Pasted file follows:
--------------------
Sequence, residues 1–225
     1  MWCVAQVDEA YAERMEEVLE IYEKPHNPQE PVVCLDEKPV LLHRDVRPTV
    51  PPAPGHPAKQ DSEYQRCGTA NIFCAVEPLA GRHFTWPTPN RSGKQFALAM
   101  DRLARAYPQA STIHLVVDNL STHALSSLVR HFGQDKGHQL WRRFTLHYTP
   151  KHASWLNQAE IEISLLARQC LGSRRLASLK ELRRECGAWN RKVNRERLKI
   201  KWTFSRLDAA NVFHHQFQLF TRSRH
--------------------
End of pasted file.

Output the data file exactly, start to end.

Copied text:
Sequence, residues 1–225
     1  MWCVAQVDEA YAERMEEVLE IYEKPHNPQE PVVCLDEKPV LLHRDVRPTV
    51  PPAPGHPAKQ DSEYQRCGTA NIFCAVEPLA GRHFTWPTPN RSGKQFALAM
   101  DRLARAYPQA STIHLVVDNL STHALSSLVR HFGQDKGHQL WRRFTLHYTP
   151  KHASWLNQAE IEISLLARQC LGSRRLASLK ELRRECGAWN RKVNRERLKI
   201  KWTFSRLDAA NVFHHQFQLF TRSRH